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Analysis: Texas state budget tricks are great — until you total them up

A new report says the deferrals and other fiscal tricks lawmakers used this year — and are considering in the current special session — are digging a hole legislators will have to fill when they return to write a new budget in January 2019.

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* Editor's note: This column has been updated throughout.

Your Texas Legislature dug itself a $7.9 billion hole during the regular session — and could deepen it before lawmakers leave town next week.

It’s not something state officials have to worry about right now, which is probably why they did it. Instead, budget-writers and the governor, who signed the budget, solved a current problem by punting to the legislators who will assemble in Austin in January 2019.

A new report from the Texas Taxpayers and Research Association (TTARA) — a respected business-backed association that follows fiscal issues — puts the cost of budget deferrals and other government legerdemain at $7.9 billion. That total includes, among other things, their estimate that lawmakers put $2 billion less than will be required into the state’s Medicaid program, and will have to make up a deferral of sales taxes intended for transportation that will end up costing $3.6 billion.

“The bottom line is that all of these tricks, all of these methods, have been used before,” said Dale Craymer, president of TTARA. “It’s just that we’re using them to greater amounts than what we’ve done before.”

That might not be the end of the budget hijinks in 2017; the House has proposed delaying $1.9 billion in payments to public education — effectively borrowing from a future budget to make an earlier one balance. That would allow lawmakers to increase the state’s share of public education spending by $1.8 billion, a move that would lower the pressure on local school property taxes.

If it sounds like that’s borrowing from public education to pay for an increase in public education, well, that’s because it is. That particular deferral is a familiar one in Texas government finance, but the Senate is resistant to the idea. The Senate has a version of its own, proposing a smaller $311 million addition to state's public education spending — financed with a deferral from the already underfunded Medicaid account.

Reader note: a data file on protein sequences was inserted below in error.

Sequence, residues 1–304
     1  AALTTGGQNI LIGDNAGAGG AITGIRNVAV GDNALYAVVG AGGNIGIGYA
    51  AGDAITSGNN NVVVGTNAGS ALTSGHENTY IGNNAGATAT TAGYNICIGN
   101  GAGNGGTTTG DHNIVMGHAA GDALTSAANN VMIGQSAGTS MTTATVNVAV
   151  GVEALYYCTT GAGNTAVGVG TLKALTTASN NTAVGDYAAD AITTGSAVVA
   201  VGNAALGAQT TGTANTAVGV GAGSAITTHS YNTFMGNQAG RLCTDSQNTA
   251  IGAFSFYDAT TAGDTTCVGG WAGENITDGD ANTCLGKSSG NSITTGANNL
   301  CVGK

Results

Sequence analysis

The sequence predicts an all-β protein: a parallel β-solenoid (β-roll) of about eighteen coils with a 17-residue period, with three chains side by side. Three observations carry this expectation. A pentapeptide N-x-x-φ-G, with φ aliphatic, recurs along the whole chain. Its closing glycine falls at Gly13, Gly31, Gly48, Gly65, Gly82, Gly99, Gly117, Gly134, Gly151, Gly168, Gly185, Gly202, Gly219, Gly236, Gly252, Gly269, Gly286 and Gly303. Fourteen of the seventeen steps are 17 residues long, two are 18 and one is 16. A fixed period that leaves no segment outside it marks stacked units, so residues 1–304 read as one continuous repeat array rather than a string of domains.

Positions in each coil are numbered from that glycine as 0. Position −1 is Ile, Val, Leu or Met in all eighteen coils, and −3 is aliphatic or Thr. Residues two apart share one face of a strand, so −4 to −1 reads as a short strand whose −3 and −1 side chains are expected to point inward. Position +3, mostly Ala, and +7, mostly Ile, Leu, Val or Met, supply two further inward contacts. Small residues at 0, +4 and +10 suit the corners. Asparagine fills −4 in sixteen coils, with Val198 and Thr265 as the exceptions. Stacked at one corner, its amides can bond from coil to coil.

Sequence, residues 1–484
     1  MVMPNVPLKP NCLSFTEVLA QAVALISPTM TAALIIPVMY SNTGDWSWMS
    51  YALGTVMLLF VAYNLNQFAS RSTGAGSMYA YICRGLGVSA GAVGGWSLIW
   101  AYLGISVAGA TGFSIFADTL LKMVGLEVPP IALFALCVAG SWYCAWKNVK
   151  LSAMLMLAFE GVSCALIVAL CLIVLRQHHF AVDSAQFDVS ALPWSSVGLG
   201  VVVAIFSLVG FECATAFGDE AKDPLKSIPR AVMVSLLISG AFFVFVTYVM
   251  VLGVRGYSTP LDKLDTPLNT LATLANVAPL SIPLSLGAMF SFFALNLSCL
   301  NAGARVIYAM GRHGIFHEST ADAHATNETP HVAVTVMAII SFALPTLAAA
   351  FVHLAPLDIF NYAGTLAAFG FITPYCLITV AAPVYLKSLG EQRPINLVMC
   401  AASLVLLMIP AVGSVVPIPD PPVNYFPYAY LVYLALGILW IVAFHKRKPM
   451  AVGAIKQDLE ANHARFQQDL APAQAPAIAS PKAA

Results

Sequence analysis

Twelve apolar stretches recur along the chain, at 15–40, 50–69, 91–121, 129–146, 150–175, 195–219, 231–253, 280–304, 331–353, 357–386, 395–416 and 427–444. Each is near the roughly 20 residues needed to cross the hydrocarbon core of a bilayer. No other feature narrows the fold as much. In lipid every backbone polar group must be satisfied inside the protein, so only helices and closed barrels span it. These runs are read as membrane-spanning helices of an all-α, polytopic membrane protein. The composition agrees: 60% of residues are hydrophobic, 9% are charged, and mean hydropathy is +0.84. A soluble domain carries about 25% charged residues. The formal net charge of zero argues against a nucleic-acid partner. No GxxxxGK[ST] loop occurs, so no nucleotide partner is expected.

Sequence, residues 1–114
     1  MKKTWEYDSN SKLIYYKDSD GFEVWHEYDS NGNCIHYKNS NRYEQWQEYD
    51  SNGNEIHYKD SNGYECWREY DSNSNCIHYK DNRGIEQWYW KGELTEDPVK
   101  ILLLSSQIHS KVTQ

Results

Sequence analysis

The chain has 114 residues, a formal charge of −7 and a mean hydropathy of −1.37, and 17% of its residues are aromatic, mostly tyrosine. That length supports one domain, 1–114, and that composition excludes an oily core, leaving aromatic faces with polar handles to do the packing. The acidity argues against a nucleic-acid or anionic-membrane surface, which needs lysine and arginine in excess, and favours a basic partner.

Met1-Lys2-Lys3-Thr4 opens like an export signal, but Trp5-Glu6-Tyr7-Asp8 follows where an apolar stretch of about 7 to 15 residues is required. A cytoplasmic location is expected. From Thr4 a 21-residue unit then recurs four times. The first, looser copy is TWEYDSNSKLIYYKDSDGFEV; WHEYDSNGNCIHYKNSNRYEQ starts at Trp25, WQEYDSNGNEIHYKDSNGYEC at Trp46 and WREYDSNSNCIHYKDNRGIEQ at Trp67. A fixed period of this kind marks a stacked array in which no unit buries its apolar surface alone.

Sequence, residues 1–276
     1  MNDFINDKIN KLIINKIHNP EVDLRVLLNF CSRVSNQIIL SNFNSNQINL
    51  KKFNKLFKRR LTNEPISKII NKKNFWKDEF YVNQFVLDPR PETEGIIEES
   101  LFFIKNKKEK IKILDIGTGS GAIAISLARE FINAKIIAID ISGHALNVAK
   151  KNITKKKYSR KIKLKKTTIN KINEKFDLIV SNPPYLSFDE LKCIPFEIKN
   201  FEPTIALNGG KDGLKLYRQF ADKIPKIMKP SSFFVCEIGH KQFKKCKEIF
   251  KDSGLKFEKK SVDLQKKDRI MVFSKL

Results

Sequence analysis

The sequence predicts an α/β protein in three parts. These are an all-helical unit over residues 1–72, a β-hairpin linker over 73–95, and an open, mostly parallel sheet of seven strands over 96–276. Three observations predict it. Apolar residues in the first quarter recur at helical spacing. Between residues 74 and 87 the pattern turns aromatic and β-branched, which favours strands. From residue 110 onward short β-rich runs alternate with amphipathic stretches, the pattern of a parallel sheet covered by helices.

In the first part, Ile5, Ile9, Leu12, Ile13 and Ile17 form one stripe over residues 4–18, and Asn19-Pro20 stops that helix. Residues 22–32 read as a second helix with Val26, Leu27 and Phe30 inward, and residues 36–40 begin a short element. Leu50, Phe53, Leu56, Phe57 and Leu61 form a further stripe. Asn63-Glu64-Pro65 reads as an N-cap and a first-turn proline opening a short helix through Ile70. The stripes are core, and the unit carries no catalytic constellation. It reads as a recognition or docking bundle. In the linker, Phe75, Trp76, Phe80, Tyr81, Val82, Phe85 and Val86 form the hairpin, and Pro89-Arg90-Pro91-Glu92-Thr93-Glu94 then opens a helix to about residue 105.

They went looking for money. They didn’t want to raise taxes. And they didn’t want to hit the Rainy Day Fund for any recurring expenses. That left them with some new — and some time-worn — accounting tricks.

If you put the feuding over school finance and property taxes aside and just concentrate on the state budget, it’s a hard sell: Lawmakers would get the $1.9 billion to use right now but would have to pay it back later. Deferring $1 today ends up costing $2, since the money is used for current spending and then has to be paid back.

The short form: A $1.9 billion deferral now would add $3.8 billion to that hole TTARA is already describing.

That’s roughly $11.7 billion — an amount that’s coincidentally close to the balance of the state’s economic stabilization fund, better known as the Rainy Day Fund.

The two things are not directly connected, but they’re related to one another. The deferrals written into the 2018-19 budget during the regular legislative session and those under consideration in the current special session exist for a couple of reasons.

Comptroller Glenn Hegar told lawmakers at the beginning of the year that while state revenue had increased, newly dedicated highway spending and a relatively small beginning cash balance meant a net decrease in what they had available to spend.

They went looking for money. They didn’t want to raise taxes. And they didn’t want to hit the Rainy Day Fund for any recurring expenses. That left them with some new — and some time-worn — accounting tricks.

It worked, in the short term. The budget balanced, and Hegar said lawmakers had actually left $41 million unspent. That amount of money is to the state what the three pennies under your car seat are worth to you: not much.

In the longer term, it created a problem.

In its report, TTARA offered one bright spot for state government. Property values in Texas are still rising; during the next two years, they’re expected to go up almost $8 billion. Whatever tax revenue doesn’t go toward offsetting growth in Texas’ public schools could get scooped up by state budget-writers — like it did this year.

But that may not be a bright spot for the homeowners who pay those school taxes. The TTARA report notes that the 2018-19 budget “actually cut state aid to schools by $1 billion — a net budget savings of $5 billion that is to be shifted onto local taxpayers.”  

So school taxes will rise, but maybe that looming 2019 problem for state budgeteers isn’t as big as it looks.

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